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Archive for the ‘sustainability’ category: Page 6

May 1, 2024

China battery price war could soon make electric cars cheaper. Here’s how

Posted by in categories: energy, sustainability, transportation

The main cost of an electric vehicle (EV) is its battery. The high cost of energy-dense batteries has meant EVs have long been more expensive than their fossil fuel equivalents.

But this could change faster than we thought. The world’s largest maker of batteries for electric cars, China’s CATL, claims it will slash the cost of its batteries by up to 50% this year, as a price war kicks off with the second largest maker in China, BYD subsidiary FinDreams.

What’s behind this? After the electric vehicle industry experienced a huge surge in 2022, it has hit headwinds. It ramped up faster than demand, triggering efforts to cut costs.

May 1, 2024

Scientists Say New Material Can Suck Carbon Out of Atmosphere Faster Than Trees

Posted by in categories: climatology, computing, sustainability

A team of scientists in the United Kingdom say they’ve discovered a porous material that has the potential to store large quantities of greenhouse gases, making it a possible new tool in the arsenal to fight climate change.

The scientists detailed how they used computational models to develop this material in a newly published paper in the journal Nature Synthesis, arguing that certain features of the structure could make it excellent storage for carbon dioxide and sulphur hexafluoride, another powerful greenhouse gas.

“This is an exciting discovery because we need new porous materials to help solve society’s biggest challenges,” engineering professor Marc Little from Edinburgh’s Heriot-Watt University said in a statement about the research.

May 1, 2024

Tesla Megapack to power new massive record-breaking 1.3 GWh battery system

Posted by in category: sustainability

Tesla Megapack has been selected to power a massive new record-breaking 13 GWh battery system from Neoen in Australia.

This project is the second stage of the Collie Battery project, which is named after a town in Western Australia where the project is located.

As we previously reported, France’s Neoen is already building the first stage with Tesla Megapack 2XLs.

Apr 30, 2024

Discovery of uranium-contaminated soil purification material without secondary environmental pollution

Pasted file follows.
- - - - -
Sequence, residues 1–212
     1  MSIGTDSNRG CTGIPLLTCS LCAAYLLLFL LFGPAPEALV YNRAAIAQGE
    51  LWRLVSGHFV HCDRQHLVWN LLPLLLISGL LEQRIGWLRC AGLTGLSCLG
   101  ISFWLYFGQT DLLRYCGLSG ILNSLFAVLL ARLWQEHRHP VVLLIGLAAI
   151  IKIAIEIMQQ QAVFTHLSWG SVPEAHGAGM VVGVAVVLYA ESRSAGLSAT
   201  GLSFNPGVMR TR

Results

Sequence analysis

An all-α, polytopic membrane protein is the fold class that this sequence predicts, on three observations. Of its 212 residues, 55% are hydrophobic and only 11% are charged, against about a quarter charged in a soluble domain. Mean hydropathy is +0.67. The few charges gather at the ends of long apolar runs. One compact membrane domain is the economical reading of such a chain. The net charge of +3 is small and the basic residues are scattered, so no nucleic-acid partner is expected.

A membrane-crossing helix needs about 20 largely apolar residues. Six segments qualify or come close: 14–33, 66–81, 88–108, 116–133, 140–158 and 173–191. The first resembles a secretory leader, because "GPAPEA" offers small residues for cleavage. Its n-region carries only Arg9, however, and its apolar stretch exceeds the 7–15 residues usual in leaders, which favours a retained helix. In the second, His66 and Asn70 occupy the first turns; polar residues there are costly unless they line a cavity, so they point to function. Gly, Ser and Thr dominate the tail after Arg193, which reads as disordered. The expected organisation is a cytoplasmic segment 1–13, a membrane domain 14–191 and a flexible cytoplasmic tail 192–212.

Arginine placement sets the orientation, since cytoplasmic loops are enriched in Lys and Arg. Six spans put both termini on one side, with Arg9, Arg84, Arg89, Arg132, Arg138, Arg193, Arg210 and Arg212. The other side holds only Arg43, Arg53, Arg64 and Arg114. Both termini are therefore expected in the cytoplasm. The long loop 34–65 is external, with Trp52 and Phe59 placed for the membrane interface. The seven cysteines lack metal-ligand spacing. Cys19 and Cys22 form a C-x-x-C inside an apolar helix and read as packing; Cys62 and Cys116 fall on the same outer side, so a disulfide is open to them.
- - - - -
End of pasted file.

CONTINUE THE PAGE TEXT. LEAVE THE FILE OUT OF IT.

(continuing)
Posted by in categories: chemistry, economics, engineering, health, nanotechnology, nuclear energy, sustainability

Nuclear energy has long been regarded as a next-generation energy source, and major countries around the world are competing to secure cutting-edge technologies by leveraging the high economic efficiency and sustainability of nuclear power. However, uranium, which is essential for nuclear power generation, has serious implications for both soil ecosystems and human health.

Despite being a key radioactive material, uranium poses significant health risks due to its chemical toxicity to the kidneys, bones, and cells. As a result, both the U.S. Environmental Protection Agency and the World Health Organization recommend allowing and advocating for uranium concentrations in wastewater to be below 30 μg/L.

The Korea Institute of Civil Engineering and Building Technology (KICT) has conducted research on a nano-material-based adsorption process to efficiently remove uranium wastewater extracted from actual radioactive-contaminated soil. They have also proposed its applicability to prevent secondary environmental pollutions.

Apr 30, 2024

Latest CATL battery can add 600km of EV range in 10min

Posted by in categories: chemistry, sustainability

EV battery supplier for Tesla, VW and other brands makes huge progress with new LFP power pack.

CATL has announced its new Shenxing Plus battery will be capable of adding as much as 600km of EV range in just 10 minutes, despite relying on cheaper lithium iron phosphate (LFP) chemistry.

Continue reading “Latest CATL battery can add 600km of EV range in 10min” »

Apr 30, 2024

You are what you eat: Paris Olympic athletes offered meat-free menus

Posted by in categories: food, sustainability

Using Olympics for pushing food agenda, I wonder how that food will influence sport results?